Romans 11 and the "Fullness of the Gentiles"
“The Jews now remain, as it were, in death for lack of the Gospel: but when both they and the Gentiles shall embrace Christ, the world shall be restored to a new life.” (1560 Geneva Bible Notes on Romans 11:15)
What are we to make of “Israel after the flesh”? Amillennialists would say “nothing”, holding that Israel is the Church, for “it is not the children of the flesh who are the children of God, but the children of the promise are counted as offspring.” (Romans 9:8).
Luther and Calvin saw no future conversion of Judaists, holding that the Israel of Romans 11 referred to the universal church, consisting of both Gentiles and Hebrews yet to be converted. A great many Reformers, however, disagreed, most notably Peter Martyr and Theodore Beza. The vast majority of the Puritans followed suit. Jonathan Edwards wrote, "Nothing is more certainly foretold than this national conversion of the Jews in Romans 11" – (Jonathans Edwards Works, vol. I p. 607)
On the point of defining the children of Abraham as those of the faith (Galatians 3:7), Postmillennialists would agree with the Amillennial view. However, defining Israel in this way doesn’t quite work on Romans 11. The “Israel” in this chapter is distinguished from “the elect” (Romans 11:7). When Paul explains that Israel had been given “a spirit of stupor, eyes that would not see and ears that would not hear, down to this very day," (Romans 11:8), this can hardly refer to the church? Paul goes on to explain that he magnified his ministry to the gentiles “in order somehow to make my fellow Jews jealous, and thus save some of them.” (Romans 11:14). Thus he is clearly referring to his own countrymen. Richard Sibbes explains,
“The Jews are not yet come in under Christ’s banner; but God, that hath persuaded Japhet to come into the tents of Shem, will persuade Shem to come into the tents of Japhet, Gen. 9:27. The “fulness of the Gentiles is not yet come in”, Rom. 11:25, but Christ, that hath the “utmost parts of the earth given him for his possession”, Psa. 2:8, will gather all the sheep his Father hath given him into one fold, that there may be one sheepfold and one shepherd, John 10:16.
The faithful Jews rejoiced to think of the calling of the Gentiles; and why should not we joy to think of the calling of the Jews?" – (Richard Sibbes, The Bruised Reed)
There is much confusion today in trying to define “Israel after the flesh”, but the phrase in the Bible refers the religion of new covenant Judaism. The Christian faith blurs any line of distinction between races and countries (Galatians 3:28). It was the Christ-rejecting religion of Judaism that was the focus of the blinding that both Jesus and Paul spoke of, though most of them were of Hebrew origin. However, Paul looked forward to a day when the natural branches would be grafted back into the vine (Romans 11:23). Contrary to dispensational theology, there is only one Olive Tree, that being Christ. However, Paul explains that “a partial hardening has come upon Israel, until the fullness of the Gentiles has come in.” (Romans 11:25). This unfulfilled prophecy speaks of a time when the Great Commission will be completed in the gentile world, turning its focus on Paul’s “fellow Jews”. In doing so, there will be an age of Revival among the Judaists that will bring greater blessings to the Gentiles.
“Now if their trespass means riches for the world, and if their failure means riches for the Gentiles, how much more will their full inclusion mean!” (Romans 11:12)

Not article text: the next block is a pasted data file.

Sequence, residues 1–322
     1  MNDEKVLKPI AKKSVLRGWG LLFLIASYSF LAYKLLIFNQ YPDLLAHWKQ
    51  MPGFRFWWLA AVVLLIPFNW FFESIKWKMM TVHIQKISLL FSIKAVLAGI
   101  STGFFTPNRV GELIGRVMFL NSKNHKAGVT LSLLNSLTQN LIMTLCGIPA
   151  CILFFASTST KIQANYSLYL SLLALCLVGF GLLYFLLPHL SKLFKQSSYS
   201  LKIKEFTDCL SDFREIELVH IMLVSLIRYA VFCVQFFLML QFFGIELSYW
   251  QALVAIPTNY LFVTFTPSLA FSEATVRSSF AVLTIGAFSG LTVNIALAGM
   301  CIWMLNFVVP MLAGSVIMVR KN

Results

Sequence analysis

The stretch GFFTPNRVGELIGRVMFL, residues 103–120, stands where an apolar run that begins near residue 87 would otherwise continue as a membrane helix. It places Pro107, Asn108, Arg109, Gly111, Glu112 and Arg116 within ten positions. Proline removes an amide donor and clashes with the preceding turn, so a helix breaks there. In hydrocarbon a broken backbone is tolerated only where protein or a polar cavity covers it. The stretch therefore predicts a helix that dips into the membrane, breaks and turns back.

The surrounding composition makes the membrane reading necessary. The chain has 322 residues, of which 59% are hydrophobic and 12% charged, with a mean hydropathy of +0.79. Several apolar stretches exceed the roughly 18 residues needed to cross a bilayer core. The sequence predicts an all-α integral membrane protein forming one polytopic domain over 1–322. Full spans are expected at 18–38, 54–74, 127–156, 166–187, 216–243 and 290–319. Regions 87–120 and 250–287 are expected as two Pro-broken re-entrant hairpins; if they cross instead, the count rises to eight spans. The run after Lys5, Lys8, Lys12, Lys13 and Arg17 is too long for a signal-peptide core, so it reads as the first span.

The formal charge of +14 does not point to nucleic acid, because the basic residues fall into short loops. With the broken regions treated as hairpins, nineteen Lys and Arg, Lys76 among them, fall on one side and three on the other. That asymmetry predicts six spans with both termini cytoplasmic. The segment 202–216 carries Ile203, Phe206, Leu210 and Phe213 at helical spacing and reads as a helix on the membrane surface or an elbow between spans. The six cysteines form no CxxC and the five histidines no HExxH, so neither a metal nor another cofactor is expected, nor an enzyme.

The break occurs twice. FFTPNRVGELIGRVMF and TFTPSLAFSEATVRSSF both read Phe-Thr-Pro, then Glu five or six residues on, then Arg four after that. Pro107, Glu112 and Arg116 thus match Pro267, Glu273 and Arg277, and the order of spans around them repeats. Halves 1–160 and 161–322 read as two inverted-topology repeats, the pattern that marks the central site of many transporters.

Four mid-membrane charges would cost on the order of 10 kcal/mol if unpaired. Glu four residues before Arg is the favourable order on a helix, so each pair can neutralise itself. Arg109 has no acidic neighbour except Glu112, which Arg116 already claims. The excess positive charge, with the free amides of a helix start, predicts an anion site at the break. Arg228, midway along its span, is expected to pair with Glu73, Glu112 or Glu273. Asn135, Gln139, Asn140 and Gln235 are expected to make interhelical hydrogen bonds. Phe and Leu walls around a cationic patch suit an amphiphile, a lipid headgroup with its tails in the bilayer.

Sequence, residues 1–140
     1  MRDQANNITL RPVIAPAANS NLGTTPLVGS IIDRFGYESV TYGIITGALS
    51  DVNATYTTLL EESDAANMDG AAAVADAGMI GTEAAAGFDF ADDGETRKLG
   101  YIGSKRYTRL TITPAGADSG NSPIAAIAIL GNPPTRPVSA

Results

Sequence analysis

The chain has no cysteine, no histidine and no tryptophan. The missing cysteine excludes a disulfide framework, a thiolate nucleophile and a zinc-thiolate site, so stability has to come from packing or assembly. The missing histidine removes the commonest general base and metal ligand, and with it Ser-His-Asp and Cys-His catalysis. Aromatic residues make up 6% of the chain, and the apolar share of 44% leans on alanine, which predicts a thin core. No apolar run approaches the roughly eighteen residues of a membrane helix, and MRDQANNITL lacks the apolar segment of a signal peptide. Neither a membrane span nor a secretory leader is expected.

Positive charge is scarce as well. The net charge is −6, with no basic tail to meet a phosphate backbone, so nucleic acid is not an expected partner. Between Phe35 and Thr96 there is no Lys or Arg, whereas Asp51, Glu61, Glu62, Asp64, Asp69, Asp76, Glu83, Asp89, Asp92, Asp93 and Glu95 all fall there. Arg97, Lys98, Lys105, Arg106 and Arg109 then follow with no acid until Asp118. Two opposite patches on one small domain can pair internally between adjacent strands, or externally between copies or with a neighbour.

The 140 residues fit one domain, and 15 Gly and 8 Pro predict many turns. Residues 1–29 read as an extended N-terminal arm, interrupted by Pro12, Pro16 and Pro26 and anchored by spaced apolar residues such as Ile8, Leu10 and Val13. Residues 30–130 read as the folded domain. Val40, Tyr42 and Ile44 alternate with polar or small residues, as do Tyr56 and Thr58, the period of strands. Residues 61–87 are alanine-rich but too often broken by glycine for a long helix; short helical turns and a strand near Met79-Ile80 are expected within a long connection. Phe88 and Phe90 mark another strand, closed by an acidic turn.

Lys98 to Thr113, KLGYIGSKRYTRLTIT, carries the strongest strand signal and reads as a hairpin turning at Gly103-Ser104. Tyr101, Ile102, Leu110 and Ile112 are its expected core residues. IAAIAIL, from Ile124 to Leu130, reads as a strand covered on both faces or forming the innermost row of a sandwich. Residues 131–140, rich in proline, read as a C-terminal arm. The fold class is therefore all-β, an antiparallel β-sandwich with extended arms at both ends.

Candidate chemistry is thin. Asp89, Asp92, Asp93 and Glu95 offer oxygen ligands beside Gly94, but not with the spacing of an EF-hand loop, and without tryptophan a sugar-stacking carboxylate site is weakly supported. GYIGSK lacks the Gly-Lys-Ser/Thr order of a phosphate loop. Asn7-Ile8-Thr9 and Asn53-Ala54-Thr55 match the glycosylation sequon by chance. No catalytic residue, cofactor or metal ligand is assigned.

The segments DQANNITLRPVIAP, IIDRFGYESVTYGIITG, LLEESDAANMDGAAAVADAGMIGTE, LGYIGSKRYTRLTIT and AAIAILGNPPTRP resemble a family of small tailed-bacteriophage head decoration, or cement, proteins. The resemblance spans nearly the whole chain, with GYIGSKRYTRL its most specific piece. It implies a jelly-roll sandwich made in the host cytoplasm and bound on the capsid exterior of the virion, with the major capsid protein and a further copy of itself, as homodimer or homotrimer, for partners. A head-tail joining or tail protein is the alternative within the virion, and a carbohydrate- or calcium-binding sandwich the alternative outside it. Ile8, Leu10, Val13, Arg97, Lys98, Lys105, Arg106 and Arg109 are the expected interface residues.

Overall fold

During that time period, the Christian religion will be the majority worldview, “For the earth will be filled with the knowledge of the glory of the LORD as the waters cover the sea.” (Habakkuk 2:14), “And they shall not teach, each one his neighbor and each one his brother, saying, 'Know the Lord,' for they shall all know me, from the least of them to the greatest.” (Hebrews 8:11).
"Blessed are the meek, for they shall inherit the earth.” (Matthew 5:5)
This age will be a time of unprecedented material blessings. There will “be abundance of grain in the land; on the tops of the mountains may it wave; may its fruit be like Lebanon; and may people blossom in the cities like the grass of the field! May his name endure forever, his fame continue as long as the sun! May people be blessed in him, all nations call him blessed!” (Psalms 72:16-17). Expounding on the 72nd Psalm, David Brown writes,
“We need not have recourse to the miraculous fruitfulness of the earth which Papias feigned, in order to fulfill this prophecy. Plenty is the natural consequence of the moral change which takes place in the world at the millennium. The universal righteousness of that happy period will prevent despotism in government, anarchy in the people, as well as the devastations of war, by which the earth is left uncultivated, or its produce destroyed. The religion of that period will civilize savages, and destroy among civilized nations the numerous occupations that minister to the lawless passions of men; thus directing a great multitude of the human race to the useful arts of agriculture, who had been formerly idle and a burden upon the labor of others. The love universally felt and practiced in that period will lead those who have abundance to distribute cheerfully and freely to the necessities of those who may be in need". (The Second Advent, p. 400 - cited from Loraine Boettner's "The Millennium").
It is this postmillennial belief that was the foundation for the Christianization of Europe, the age of exploration, and for most of world’s missionary societies. It is this belief that sparked both the London and Scottish missionary societies, and it is this belief that will see the ultimate fulfillment of the Great Commission. The command for the church to “make disciples of all nations” cannot fail, for Christ has promised to be with us “until the end of the age”.